Freedom and Roam Uganda (FARUG) hosted her first social Friday of the year with a dialogue focused on the impacts that the Covid19 lockdown and recently concluded general election have had on queer women. The event which took place at FARUG office premises was attended by the host's membership and LBQ women from various LBQ led organizations based in Kampala.
According to the FARUG Executive Director Nkali Joanita Ssenfuka, many cases of gender based violence (GBV) towards LBQ women were reported during the lockdown. The numbers were further heightened during the election period hence the dire need for solutions to address the rising cases of GBV, something Ms Nkali stressed would inform the organization’s programming.
She also shared her painful experience as a leader of an LGBQ organization during lockdown. "It was the most challenging and toughest times in the history of my working in a leadership position. I looked at different KP led organizations giving out food and relief support that was sent out to them. We applied for all the relief opportunities as we badly wanted to do the same for our members and other LBQ women in need. Unfortunately, very few of these opportunities were tailored towards LBQ women which was so painful. The fact that we couldn't raise the needed funds to support our own movement traumatized me and even when we did what we could, people didn't feel that we had done enough since they needed food relief more than anything else," Nkali said.
Ms Nkali called on the organization’s members to share resource mobilization and fundraising opportunities with each other in order to overcome the dire impacts of COVID19 especially for those who were challenged with financial constraints
From the experience sharing session, it was clear that there has been a massive wave of unemployment that had swept through the community but a number of LBQ women had used the lockdown to acquire new skills, and innovations and business ventures were born during this time which supplemented their incomes. Among the new ventures were as farming, small food restaurants, baking and online businesses among others.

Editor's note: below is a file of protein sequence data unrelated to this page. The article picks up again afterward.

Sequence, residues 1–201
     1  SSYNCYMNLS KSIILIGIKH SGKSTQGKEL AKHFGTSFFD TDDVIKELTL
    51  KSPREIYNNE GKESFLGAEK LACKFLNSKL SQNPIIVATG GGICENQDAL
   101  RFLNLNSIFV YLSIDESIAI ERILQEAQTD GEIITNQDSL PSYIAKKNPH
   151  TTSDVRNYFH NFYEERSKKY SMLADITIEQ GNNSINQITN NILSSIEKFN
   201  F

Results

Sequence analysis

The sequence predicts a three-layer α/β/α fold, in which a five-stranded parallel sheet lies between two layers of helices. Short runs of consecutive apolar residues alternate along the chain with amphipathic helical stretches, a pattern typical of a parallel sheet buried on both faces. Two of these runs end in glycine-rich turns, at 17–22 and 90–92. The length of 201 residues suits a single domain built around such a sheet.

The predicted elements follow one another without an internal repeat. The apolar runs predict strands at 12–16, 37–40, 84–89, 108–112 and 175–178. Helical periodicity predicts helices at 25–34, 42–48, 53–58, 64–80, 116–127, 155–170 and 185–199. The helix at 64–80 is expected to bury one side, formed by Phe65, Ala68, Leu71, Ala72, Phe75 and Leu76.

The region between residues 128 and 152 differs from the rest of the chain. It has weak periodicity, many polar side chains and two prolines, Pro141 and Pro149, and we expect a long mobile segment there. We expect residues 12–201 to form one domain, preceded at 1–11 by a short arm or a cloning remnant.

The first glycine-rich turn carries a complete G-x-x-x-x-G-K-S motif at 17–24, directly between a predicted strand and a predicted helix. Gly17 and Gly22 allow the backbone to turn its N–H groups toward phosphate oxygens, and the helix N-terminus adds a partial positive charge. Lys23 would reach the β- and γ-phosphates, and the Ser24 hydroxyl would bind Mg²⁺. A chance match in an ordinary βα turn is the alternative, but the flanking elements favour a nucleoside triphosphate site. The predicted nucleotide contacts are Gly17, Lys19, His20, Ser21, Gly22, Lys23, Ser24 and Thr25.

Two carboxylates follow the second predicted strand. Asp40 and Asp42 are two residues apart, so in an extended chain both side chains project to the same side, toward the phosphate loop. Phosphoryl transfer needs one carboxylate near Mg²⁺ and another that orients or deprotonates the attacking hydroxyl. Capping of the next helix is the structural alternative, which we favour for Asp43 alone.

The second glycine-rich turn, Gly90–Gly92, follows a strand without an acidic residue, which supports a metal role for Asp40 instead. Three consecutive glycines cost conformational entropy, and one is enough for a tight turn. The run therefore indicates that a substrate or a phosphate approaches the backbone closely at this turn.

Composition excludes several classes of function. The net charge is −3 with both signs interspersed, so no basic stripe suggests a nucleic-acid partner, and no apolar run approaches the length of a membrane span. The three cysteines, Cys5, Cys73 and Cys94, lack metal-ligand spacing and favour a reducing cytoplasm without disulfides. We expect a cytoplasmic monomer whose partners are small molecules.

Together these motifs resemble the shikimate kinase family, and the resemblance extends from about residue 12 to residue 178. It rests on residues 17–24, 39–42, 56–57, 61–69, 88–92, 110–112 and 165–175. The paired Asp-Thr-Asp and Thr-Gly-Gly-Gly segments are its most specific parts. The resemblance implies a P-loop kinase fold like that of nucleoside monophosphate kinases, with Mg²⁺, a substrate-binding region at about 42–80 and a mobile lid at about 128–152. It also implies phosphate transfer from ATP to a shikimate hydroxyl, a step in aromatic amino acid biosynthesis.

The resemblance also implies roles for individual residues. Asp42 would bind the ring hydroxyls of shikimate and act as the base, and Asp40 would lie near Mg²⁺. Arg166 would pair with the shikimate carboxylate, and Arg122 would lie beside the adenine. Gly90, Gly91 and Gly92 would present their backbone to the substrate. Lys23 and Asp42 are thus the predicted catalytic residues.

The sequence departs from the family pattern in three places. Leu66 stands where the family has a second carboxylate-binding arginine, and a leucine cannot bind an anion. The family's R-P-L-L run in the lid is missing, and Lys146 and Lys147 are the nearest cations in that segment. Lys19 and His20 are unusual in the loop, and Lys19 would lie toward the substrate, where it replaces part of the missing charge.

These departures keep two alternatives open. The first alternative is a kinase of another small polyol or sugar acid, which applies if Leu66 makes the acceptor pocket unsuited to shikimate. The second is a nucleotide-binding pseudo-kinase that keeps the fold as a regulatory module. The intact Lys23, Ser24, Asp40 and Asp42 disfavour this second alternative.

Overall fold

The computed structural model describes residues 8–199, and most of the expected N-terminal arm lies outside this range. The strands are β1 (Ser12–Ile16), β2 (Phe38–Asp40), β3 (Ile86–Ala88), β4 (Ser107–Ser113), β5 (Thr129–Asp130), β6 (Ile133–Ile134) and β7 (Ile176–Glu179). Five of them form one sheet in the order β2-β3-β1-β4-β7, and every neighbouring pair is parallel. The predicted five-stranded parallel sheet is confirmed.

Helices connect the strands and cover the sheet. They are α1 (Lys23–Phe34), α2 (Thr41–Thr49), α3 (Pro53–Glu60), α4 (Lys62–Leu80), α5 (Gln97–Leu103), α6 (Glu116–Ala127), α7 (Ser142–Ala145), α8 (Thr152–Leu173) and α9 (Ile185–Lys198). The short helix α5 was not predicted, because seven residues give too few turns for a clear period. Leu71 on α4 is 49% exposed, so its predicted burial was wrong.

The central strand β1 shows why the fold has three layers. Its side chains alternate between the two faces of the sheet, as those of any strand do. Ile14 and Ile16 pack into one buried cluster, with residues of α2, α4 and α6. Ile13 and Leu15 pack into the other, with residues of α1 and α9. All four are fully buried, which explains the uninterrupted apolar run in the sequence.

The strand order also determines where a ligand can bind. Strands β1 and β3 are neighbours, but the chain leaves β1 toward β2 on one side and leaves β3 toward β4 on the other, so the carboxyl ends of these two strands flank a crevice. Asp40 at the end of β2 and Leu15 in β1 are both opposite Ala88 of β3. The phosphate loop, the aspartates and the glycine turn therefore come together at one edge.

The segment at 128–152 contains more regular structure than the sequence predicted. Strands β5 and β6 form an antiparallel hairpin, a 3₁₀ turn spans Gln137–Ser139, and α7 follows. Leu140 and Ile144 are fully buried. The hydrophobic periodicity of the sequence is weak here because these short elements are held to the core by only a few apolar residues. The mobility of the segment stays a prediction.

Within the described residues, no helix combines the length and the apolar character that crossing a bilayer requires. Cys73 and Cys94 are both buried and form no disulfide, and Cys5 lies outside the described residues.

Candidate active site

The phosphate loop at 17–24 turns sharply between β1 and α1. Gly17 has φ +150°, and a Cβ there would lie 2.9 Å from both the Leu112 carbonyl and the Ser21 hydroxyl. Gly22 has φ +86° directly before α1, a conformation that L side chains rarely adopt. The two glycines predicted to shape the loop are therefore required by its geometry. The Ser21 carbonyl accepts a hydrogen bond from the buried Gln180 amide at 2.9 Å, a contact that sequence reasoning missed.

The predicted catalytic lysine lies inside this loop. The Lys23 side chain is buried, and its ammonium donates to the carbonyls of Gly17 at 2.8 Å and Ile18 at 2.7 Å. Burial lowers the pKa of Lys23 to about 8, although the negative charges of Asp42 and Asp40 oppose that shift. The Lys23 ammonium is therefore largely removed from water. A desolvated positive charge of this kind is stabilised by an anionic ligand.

Another notable development was the investment in personal security especially during the election period that created a tense atmosphere for sexual and gender minorities.
At organizational level, FARUG currently boasts of 10 staff because of expansion of her activities thus offered more employment opportunities to her membership. There has also been emphasis and appreciation of the importance and relevance of mental health services for LBQ women due to physical violations in homes and communities especially during the pandemic and election period.
In a conversation on political unrest during the recent election period, the Programs Director FARUG emphasized the importance of LBQ women recognizing their role when it comes to the politics of the country despite the widespread homophobic sentiments spread by politicians. "If you have been following the current affairs in Uganda, many politicians and the government have used our movement as a scapegoat with claims that we are funding the opposition. These homophobic statements did not only affect us as an organization, but also as individuals intentionally or unintentionally. We need to be able to speak up for ourselves in face of these challenges," she stressed.
Among the challenges faced by LBQ women during the election period were denial of their right to vote because they wore toe rings and anklets which are affiliated to LBQ identifying women and sex workers, increased mental and emotional breakdowns due to depression, stress, anxiety and panic attacks triggered by the homophobic statements by political leaders and mainstream media. In addition to sexual abuse through rape attempts and actual rape cases by close relatives and friends, there were are also incidents of intimidation by society and local authorities.
Some of the experiences shared by the participants:
Participant 1 from Rella: "During this period, there was a time a boda boda man who refused to take me home because he wasn't sure of my gender identity even when I offered to pay more than he had requested and yes, it was before curfew time."
Participant 2 from Makidye: "It was late past curfew and I was stranded at a male friend's house so for safety, I decided to sleep over. Late in the night, this guy violently attempted to rape me and I fought back. In return, he threw punches in my face. I took off but I have been traumatized ever since. I had to go to a therapist friend to help me through counseling."
FARUG member: "A boda guy threatened to cut off my dreadlocks saying that we are the cause of havoc in the country. I was so scared that I almost chopped all my hair off."
Should you be challenged with a crisis regarding health, legal or need counselling, please contact FARUG on their 24hr toll-free line; 0800 100093